June 6, 2012: Labrosse was well-shod, last evening, wearing his best $600 hoofers. He had the look of a man about to engage in a little corporate raiding. Mehdi the trucker was also dressed to the 9s, his long salt and pepper hair neatly pony-tailed, jewellery gleaming, though, as he suffers from chronic pain in his 'clutch' leg, his face was set in a perpetual grimace. I managed to throw on a tie; and off we went to the funeral home to pay our respects to DW, a fair-sized crowd already gathered there. It turns out the effer had slit his wrists. Which it is a statement of sorts, and the three of us, at least, were not impervious to the implications. We had been dismayed to hear of it. DW will have had his reasons, but he was a man of spirit and fight, and he was equipped with a better than adequate sense of humour. And then, as Labrosse put it, what sort of message does his suicide leave with the grade school kids for whom he cared so much? Otherwise, I have on my mind the fact of the failure in the state of Wisconsin to recall the union-busting governor and what this may or may not signify for the country and the current presidential campaign. The failure on the part of the Democrats seems to speak to the role of money - out of state money, at that - to provide succour to bad actors, given that the governor had large amounts of it at his disposal, and it was legal, whereas his rival had not the same pleasure, as it would have been against the law. (It appears to be the case; I cannot state it as objective truth.) I have it on my mind how chilling it will prove should a certain Mr R prevail in his bid for presidential office. I have not before entertained the prospect as it would threaten what little remains to me of my sanity; and I can see why I have heretofore kept such thoughts at bay. Could be DW saw something coming; and it is something we would certainly be kicking around in conversation over a beer at 'bratwurst' were he still in the mix. Could be I am just in a mood. For all that, I am having at a bit of Spanish guitar. Very ham-handedly, of course. Just that 3 months of hammer-on and other exercises seem to be paying off, knock wood. It has been an unrealizable ambition of mine to somehow bring together the guitar notions of a John Fahey (North America) and those of another itinerant - Barrios, for instance (South America). And one of these days, I may yet write another poem, but who's to say?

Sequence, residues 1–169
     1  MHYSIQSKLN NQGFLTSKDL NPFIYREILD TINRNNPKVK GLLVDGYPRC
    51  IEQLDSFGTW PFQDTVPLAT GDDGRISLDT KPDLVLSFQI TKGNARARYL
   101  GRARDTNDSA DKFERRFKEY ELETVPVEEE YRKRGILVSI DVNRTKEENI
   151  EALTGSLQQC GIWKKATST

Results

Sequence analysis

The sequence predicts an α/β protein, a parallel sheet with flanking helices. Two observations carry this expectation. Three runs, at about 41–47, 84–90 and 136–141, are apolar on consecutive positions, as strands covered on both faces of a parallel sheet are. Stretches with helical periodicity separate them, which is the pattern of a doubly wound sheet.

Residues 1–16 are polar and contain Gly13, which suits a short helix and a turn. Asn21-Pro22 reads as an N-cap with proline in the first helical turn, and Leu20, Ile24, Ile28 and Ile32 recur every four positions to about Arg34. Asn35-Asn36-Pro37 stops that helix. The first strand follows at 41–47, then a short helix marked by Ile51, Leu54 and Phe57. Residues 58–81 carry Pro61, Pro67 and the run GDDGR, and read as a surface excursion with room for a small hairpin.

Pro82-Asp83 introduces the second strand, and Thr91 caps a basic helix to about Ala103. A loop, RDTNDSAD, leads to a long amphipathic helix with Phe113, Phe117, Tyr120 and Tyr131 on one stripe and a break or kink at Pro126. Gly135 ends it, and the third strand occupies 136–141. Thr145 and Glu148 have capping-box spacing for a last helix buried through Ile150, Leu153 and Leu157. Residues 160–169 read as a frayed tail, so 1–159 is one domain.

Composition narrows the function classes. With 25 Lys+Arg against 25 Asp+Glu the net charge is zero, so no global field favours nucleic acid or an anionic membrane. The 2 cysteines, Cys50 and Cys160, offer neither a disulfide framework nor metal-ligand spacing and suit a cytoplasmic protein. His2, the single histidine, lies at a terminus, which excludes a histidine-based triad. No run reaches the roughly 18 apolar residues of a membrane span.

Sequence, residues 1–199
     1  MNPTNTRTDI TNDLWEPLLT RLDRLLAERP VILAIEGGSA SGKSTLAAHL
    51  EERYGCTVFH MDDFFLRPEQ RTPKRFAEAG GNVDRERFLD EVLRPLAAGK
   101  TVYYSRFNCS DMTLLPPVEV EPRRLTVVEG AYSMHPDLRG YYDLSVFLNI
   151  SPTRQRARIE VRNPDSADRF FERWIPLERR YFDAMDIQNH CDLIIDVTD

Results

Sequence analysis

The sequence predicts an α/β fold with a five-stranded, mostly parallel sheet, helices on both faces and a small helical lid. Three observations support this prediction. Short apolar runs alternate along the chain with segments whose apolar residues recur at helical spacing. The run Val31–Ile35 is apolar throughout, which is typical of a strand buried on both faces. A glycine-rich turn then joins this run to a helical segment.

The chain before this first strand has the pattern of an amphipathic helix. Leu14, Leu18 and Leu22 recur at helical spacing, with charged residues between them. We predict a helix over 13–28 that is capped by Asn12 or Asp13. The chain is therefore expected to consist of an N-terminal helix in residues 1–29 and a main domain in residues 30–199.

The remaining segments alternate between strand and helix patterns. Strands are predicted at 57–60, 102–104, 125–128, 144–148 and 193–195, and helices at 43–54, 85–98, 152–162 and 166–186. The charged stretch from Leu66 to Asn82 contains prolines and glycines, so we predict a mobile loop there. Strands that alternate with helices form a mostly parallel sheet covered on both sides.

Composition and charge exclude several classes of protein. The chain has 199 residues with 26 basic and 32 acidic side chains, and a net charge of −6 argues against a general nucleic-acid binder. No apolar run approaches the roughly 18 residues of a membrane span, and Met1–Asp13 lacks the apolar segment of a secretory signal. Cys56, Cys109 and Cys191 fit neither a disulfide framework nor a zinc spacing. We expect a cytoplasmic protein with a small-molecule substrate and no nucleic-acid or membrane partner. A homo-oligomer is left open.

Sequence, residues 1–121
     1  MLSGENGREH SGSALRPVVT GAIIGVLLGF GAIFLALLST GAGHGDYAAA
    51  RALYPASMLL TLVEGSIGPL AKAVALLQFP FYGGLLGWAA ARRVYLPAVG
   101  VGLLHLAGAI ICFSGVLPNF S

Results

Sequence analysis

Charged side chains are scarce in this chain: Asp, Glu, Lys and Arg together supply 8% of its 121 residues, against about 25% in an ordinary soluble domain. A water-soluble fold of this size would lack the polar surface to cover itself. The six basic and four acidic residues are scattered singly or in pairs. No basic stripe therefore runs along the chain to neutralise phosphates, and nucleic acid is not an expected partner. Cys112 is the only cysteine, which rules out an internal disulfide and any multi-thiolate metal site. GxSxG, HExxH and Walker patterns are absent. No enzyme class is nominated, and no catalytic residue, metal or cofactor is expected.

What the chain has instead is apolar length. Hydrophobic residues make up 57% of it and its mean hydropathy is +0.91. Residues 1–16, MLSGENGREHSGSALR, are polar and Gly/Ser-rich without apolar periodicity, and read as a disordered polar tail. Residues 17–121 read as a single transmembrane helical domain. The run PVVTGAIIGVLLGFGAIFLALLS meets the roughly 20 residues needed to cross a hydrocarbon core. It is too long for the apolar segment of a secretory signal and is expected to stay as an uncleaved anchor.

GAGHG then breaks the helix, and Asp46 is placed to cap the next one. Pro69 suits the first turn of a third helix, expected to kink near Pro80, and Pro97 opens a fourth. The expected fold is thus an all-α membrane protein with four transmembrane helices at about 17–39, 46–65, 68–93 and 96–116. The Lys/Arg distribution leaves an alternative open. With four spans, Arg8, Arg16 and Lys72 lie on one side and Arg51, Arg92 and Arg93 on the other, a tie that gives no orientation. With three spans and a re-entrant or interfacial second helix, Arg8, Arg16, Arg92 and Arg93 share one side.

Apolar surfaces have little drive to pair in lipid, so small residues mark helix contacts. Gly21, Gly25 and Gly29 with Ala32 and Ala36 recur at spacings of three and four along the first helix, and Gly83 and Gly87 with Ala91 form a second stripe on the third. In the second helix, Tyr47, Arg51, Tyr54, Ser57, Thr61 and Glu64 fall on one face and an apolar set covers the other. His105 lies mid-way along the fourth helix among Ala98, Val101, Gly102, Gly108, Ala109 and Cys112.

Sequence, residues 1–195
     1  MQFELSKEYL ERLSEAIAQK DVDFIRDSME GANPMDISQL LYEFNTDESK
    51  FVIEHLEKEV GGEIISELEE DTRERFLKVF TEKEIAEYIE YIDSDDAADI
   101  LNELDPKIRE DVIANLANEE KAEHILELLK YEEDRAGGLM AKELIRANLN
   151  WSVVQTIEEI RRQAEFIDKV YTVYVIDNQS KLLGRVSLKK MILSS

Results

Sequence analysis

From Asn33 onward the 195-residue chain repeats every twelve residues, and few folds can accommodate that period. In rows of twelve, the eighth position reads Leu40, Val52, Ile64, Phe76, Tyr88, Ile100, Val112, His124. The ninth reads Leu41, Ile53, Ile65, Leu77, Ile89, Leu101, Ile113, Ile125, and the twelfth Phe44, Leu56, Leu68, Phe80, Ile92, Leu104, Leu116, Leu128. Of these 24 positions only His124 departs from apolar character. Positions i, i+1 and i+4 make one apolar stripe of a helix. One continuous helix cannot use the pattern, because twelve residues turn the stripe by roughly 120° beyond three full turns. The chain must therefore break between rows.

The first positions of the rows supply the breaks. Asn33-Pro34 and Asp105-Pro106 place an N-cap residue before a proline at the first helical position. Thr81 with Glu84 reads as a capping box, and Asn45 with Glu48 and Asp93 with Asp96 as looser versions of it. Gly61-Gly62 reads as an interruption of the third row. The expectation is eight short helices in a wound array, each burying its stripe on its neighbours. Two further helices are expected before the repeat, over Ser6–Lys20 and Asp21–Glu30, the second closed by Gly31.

June 5, 2012: J Caesar, in Appian's The Civil Wars, mops up in Spain. He is tying up the loose ends of a civil war. He is receiving the heads of enemy commanders on the wrong side of history, even if there is no such thing as the wrong side of history - there is only history; and he will hasten back to Rome so as to deal with all the loose talk there, the misunderstanding that he has wanted to be king. 'Dictator for life' will do him fine. In any case, he will lose the argument and his life; and Servilia's boy will have had a hand in it, and perhaps Caesar was the boy's father, after all. London Lunar is of the opinion that Prince Charles will never be king in the way the queen has been the queen; that this jubilee truly does mark the end of something; but that the comedians participating in the celebration have failed to crack even a few decent witticisms; that even the queen will suffer a joke or two at her expense. Mr Hedges (Pulitzer prize-winning journalist) writing for Truthdig, suggests that he is all for the student protests in these parts (Quebec), and that they are part and parcel of a larger phenomenon in the world; but that he fears the movement (and all the other movements currently underway here and there on this earth) will eventually surrender the high moral ground to more radical elements, as looks to be happening in Syria. There is every likelihood of a truly vicious civil war breaking out there. Mr Hedges considers that there is less and less time available for reasonable discussions between the authorities that be and those in dissent on matters of X, Y and Z, and there will be hell to pay. (He even goes so far as to quote Yeats in his Truthdig piece, the centre cannot hold, and all that—Goodness. I never understood how two intelligent men, poets to boot - Yeats and Pound - could believe they had found some traction in fascism, a way out of an impasse, but ever since the rise of the financiers and the clout they have in the corridors of power, and the advent of The Decider or GWB, I can at least appreciate how it is one might wish to put distance between themselves and something perceived as irretrievably rotten.) Last evening in Nikas, I sat a while with Labrosse. He told me he cannot get it out of his head: DW dying like he did, and that, in a sense, here had been a man doing battle where it matters most, dealing with the fallout of broken families under the auspices of a flawed educational system: unloved and much damaged young minds. Labrosse, for the most part, has lived his life trusting the system, inasmuch as any system can be trusted, and I am unable to blame a man for this sort of trust, especially one who, for the sake of general principles, has acted in good faith; just that the 'trust' of which he would speak is increasingly being put to severe tests. For DW the system was a perpetual obstacle to his carrying out what he saw as his task: to actually educate somebody. And for me, the system has done little to allay my skeptical nature; is always providing me with an excuse to reinvent my pessimism and worse—